Wednesday, 4 July 2012

The Government should cut crime, not the police

This week, the Government’s own advisers on policing – Her Majesty’s Inspectorate of Constabulary (HMIC) published its own assessment of the impact on policing, nationally and locally, of the government’s policies.
Nationally, a minimum of 15,000 officers will be cut by 2015 and, as there is still a £302m gap between those spending plans and the likely resources, the reduction is likely to be even bigger. The report says “it is not unreasonable to assume a large proportion of the savings to bridge this gap will come from further workforce reductions”.
Frontline policing will be hit hard this year, with 6,000 frontline officers being cut, including 5,500 from neighbourhoods, 999 response and traffic. 179 police stations (14%) and 264 front counters (22%) will be closed.
Locally, Derbyshire Police is cutting about 1 in 11, and South Yorkshire Police about 1 in 9 of its police officers over the next 3 years, and this is on top of the more than 10% cut in police officers made since 2010.
David Cameron said that frontline policing would not be hit by the huge cuts being made in police budgets, but his own advisers have told him that for every five police officers on the frontline in 2010, there will be just four by 2015.
Now, haven’t we been here before? The last Conservative government, under John Major and Michael Howard, cut frontline policing and we had a massive increase in crime.
Tony ‘tough on crime, tough on the causes of crime’ Blair invested heavily in both increasing the number of police and modernising the way it operated, and introduced new laws to tackle anti-social behaviour. The result? Between 1997 and 2010, crime fell by more than 40%.
With Cameron’s big cuts in frontline policing, who is now going to bet against crime rising again?

Monday, 2 July 2012

Each statistic is a tragedy

Over the years, it has not been uncommon to read articles and letters in national and local newspapers railing against the criminalization of various road safety laws.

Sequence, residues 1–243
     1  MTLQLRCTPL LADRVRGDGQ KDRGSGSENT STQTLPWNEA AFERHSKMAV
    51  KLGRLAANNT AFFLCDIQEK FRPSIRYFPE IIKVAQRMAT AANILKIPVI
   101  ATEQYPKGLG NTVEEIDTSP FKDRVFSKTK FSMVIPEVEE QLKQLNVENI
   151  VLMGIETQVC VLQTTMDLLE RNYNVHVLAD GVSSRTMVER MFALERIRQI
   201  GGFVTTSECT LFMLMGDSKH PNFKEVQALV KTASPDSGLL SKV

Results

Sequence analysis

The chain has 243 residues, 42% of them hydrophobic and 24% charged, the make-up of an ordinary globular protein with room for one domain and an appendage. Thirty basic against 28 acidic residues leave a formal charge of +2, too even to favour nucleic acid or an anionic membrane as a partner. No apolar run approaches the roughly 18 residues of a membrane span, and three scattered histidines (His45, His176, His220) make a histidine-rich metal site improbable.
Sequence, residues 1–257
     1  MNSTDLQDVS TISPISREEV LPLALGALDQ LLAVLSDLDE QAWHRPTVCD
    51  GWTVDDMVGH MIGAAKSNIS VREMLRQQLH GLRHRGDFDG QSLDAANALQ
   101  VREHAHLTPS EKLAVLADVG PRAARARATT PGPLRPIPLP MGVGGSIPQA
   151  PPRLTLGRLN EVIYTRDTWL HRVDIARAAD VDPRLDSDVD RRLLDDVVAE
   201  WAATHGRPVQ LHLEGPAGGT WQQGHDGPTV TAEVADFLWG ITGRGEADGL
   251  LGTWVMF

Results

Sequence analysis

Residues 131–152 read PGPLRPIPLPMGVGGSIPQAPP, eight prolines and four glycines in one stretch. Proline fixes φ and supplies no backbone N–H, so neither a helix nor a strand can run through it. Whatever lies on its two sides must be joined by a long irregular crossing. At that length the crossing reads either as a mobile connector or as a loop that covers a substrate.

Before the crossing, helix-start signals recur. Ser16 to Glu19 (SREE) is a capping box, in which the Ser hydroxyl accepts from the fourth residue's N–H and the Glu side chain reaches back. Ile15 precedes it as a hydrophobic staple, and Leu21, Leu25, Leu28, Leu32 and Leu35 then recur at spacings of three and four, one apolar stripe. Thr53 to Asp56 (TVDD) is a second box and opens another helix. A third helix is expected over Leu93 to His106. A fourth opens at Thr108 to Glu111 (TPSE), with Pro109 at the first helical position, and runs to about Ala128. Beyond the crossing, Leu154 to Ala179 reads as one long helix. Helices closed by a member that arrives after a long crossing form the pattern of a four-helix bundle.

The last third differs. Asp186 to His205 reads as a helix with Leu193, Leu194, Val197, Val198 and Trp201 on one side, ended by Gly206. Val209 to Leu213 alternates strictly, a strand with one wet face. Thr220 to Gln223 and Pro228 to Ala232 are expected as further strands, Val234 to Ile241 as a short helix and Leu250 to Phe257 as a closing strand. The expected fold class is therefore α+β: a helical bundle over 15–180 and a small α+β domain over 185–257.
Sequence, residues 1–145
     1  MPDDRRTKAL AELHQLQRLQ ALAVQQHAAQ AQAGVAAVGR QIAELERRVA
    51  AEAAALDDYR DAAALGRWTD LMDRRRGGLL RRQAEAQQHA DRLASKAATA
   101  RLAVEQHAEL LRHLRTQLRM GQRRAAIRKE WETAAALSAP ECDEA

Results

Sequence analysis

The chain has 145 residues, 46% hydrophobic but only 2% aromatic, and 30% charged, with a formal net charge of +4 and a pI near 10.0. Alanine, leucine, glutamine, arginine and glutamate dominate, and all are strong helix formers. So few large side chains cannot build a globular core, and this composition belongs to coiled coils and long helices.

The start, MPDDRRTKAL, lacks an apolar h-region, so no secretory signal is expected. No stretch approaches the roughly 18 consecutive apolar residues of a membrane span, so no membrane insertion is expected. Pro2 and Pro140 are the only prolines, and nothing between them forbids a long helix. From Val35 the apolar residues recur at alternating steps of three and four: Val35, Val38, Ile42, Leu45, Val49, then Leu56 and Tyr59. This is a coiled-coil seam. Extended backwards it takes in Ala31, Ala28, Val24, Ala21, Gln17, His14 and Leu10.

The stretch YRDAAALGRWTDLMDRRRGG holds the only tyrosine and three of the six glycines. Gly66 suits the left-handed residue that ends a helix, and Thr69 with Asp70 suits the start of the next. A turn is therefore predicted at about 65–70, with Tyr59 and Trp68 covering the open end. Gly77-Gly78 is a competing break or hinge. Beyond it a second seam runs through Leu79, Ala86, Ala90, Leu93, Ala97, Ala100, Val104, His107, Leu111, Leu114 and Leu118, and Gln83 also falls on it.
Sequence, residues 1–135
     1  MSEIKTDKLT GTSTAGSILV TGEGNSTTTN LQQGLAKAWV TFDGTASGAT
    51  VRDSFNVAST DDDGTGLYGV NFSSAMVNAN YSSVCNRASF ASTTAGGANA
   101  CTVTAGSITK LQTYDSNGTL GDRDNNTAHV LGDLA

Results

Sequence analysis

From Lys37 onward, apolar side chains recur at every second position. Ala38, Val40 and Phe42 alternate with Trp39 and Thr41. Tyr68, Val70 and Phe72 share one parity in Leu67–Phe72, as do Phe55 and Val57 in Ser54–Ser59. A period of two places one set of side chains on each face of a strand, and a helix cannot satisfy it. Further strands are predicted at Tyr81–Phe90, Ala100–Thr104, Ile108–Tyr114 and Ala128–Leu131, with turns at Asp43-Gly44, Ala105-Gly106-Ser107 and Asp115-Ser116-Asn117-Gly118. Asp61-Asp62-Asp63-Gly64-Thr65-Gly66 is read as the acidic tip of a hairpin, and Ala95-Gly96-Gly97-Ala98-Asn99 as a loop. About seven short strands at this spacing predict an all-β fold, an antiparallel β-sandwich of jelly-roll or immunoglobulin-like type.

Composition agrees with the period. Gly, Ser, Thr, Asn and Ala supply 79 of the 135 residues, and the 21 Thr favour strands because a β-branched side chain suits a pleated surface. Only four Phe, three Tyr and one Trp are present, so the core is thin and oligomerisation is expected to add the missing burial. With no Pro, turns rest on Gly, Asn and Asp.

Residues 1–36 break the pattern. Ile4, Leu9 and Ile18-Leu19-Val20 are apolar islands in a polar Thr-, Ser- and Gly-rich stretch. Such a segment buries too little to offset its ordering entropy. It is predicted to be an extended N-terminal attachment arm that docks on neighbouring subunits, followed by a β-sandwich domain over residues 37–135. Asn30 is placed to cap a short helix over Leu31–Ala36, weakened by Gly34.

The authors have been almost unanimous in opposing legislation which required the wearing of seatbelts, a limit on drinking and driving, and banned the use of mobile phones. All have been characterised as an unnecessary assault on individual freedom, despite the overwhelming evidence that each of those laws has led to dramatic reductions in deaths and serious injuries on the roads.

In recent years, there has been a similar campaign against speed limits and, in particular, speed cameras. Now, I’m quite happy to have an informed debate about speed limits and their enforcement, so let’s deal with the facts.

The new Labour government in 1997 introduced some targets to cut road deaths and serious injuries:
  • A 40% cut in deaths and serious injuries
  • A 50% cut in child deaths and serious injuries
  • A 10% cut in minor injuries

By 2009, all those targets had been exceeded, including a 61% cut in child deaths and serious injuries and a 30% cut in minor injuries.

The incoming coalition government – opposed to targets and for what it saw as populist reasons – simply removed all targets, axed road safety grants, and removed all funding for speed cameras. We can now see the result.

Last year, deaths on the roads increased for the first time since 2003 and there were sharp increases in the numbers of pedestrians killed and cyclists seriously injured. The number of people killed or seriously injured rose to 25,023. Deaths among pedestrians rose by 12 per cent to 453, including a 27 per cent increase in the number of child pedestrians killed last year.

Of course, statistics are bland, But, each and every one of those is a tragedy. Just ask the families and the doctors and police officers who have to deliver the awful news.